Intelligence and investigation are key components of criminology. Although they look deceptively similar, fundamental differences exist in various areas of their components such as: purpose of final product, time orientation, data gathering and analytical techniques, skill set requirements, nature of conclusion and dissemination of information.
Intelligence is a product created through the process of collecting, collating, and analyzing data, for dissemination as usable information to inform future interventions. Intelligence typically assesses events, locations or adversaries. [Metscher & Gilbride, 2005]
Investigation-this encompasses “the collection of information and evidence for identifying, apprehending and convicting suspected offenders” (Osteoburg & Ward, 2013).
Differences in Intelligence and Investigation.
Purpose of the final product.
Investigation reports are often presented to legal processes for fact finding. Hence investigators have a direct link to prosecutors. Investigations bring sharp focus to facts which they provide to the justice system. While intelligence reports are provided to decision makers to help guide future activity, they lack a direct link to prosecution powers. Intelligence reports are often very blurred and are just probabilities that lack sharp focus.
1] Time Orientation.
A major difference between an investigation and intelligence is the aspect of time orientation. Investigations tend to focus on determining causative factors that explaining past events. Emphasis is usually on an analysis of history, looking for a single right answer. While intelligence, on the other hand, focuses on the extrapolation of current events to provide plausible representations of the future. While history and past events are often considered in intelligence exercises, they are often just used to support projections of what may come. Since intelligence deals with the future it often yields multiple acceptable answers.
Hence an investigation focuses on past events while intelligence focuses on future events. They all so differ in that investigations yield only one answer while intelligence produces multiple results.
2] Data Gathering and Analytical Techniques
Investigations and intelligence use very similar data gathering techniques such as interviews of knowledgeable individuals, physical observations of sites, and reviews of documentation. Despite this there are certain data gathering activities that are more associated with one activity than the other. Investigations, with its strong law enforcement roots, will sometimes rely on securing trash as abandoned property, commonly referred to as “dumpster diving.” Intelligence, on the other hand, may focus on detailed reviews of patents as a way of discerning how key
Manufacturing processes operate. Regardless of the sources of data a key differentiating factor between investigations and strategic intelligence is how data is analyzed.
Analytical techniques in investigations focus on getting the right answer. They are normally deductive, employing a high level of directed thinking. The elimination process is usually used to identify answers that do not fit in the investigation. This process then leads to identification of the right answer. Data gathered is arrayed as evidence in support of the chosen answer.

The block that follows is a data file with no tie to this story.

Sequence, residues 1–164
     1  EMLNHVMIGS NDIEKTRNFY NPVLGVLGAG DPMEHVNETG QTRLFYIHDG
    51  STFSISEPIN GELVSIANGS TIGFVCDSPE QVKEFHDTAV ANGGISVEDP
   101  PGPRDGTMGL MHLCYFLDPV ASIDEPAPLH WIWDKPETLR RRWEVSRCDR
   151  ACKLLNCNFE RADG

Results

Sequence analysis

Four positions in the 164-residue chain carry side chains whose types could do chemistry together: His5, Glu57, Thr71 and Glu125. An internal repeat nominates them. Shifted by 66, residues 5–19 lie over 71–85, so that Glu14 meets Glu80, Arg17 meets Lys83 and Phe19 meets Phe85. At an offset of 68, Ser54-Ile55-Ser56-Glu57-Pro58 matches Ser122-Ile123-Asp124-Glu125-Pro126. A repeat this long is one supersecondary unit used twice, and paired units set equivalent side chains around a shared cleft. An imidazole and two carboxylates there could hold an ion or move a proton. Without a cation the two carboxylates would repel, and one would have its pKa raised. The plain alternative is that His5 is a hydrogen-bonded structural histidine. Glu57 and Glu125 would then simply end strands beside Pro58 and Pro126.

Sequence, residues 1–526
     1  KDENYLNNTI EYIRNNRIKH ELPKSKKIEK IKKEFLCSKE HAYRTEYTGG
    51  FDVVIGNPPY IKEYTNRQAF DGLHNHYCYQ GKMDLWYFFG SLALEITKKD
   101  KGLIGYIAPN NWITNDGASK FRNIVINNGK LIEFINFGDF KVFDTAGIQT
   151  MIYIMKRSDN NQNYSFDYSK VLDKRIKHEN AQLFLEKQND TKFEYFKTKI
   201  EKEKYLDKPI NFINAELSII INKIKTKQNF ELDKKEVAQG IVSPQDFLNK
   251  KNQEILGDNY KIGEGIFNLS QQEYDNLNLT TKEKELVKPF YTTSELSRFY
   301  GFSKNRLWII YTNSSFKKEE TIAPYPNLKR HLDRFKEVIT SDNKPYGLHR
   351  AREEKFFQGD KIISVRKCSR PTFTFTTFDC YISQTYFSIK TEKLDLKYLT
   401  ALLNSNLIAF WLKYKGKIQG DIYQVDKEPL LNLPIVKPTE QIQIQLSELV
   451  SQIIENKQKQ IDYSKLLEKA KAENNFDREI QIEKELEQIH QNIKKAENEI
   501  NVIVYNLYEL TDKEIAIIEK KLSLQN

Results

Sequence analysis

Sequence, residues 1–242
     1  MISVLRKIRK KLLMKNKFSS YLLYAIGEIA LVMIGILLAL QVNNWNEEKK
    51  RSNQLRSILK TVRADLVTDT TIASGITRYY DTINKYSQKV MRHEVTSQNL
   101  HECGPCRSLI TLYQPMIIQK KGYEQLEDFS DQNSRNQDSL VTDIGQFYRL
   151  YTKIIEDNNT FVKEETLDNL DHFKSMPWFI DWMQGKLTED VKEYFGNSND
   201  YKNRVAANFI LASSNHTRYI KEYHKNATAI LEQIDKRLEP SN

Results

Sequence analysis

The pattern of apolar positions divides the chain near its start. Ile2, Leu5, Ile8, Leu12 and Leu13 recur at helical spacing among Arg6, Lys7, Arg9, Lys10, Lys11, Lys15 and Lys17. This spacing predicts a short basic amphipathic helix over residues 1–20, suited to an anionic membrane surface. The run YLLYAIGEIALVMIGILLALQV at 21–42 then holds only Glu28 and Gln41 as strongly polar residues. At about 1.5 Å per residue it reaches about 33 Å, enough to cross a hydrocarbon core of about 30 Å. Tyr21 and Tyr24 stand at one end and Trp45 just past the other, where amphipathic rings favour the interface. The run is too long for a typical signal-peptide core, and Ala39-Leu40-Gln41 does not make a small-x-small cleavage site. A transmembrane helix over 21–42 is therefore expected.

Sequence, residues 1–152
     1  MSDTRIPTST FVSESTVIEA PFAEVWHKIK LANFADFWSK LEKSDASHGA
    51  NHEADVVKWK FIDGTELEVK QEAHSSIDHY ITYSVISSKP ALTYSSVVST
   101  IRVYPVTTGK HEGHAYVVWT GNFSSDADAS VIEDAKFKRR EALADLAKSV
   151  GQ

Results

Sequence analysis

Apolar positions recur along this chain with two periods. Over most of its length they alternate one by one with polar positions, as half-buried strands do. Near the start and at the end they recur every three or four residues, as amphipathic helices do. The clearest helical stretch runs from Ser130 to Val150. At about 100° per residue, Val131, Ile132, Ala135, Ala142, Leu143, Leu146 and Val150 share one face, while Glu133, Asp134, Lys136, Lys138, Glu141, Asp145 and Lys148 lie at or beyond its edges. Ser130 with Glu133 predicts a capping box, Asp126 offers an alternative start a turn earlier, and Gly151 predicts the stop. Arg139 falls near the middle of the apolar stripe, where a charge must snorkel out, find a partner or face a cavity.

Analytical techniques in intelligence focus on determining appropriate courses of action based on anticipated future events. They are virtually all derived from traditional general management consulting and include such things as scenario analysis, SWOT analysis, competitive positioning assessment, and various microeconomic evaluation methods. Since such approaches generally produce an array of answers, there is heavy dependence on lateral thinking by those conducting the analysis. The ideal outcome is a series of actionable initiatives supporting a robust strategy to achieve long term objectives in the face of an uncertain future.
3] Skill Set Requirements
Not surprisingly, intelligence and investigations utilize many of the same skills but the people who do the best investigations tend to have experience and backgrounds in law enforcement and related fields. Over time, they internalize the type of deductive, directed thinking that leads them to identify causative factors for past events. Practitioners of strategic intelligence, on the other hand, should have a strong grounding in the different types of analysis techniques. Most gain this through experience either in management consulting or as part of a corporate strategic planning function. Investigators therefore require good deductive and direct thinking while intelligence officers require very good analytic techniques.
4] Nature of Conclusions
Investigations must present facts as they are received and discovered while avoiding making final assumptions. The conclusion will majorly be based on evidence acquired and is thus majorly based by an investigators work. Intelligence on the other hand will provide their final information based on their conclusions. This is due to the fact that future projections may lack evidence directly linked to them.
Investigation yields information that is open for public scrutiny and is often tested to ensure there is credibility. Intelligence on the other hand often yields confidential information that is provided to specific people. There is privacy in sharing of the information and it’s often not available for public scrutiny.
So although investigations and intelligence are closely linked and investigation can be a component of intelligence there are fundamental difference among them that differentiate them as discussed above.
- M.G Robert Brion , (2005). Intelligence as an investigative factor.
- Osterburg, J. W., & Ward, R. H. (2010). Criminal investigation: A method for reconstructing the past. Routledge.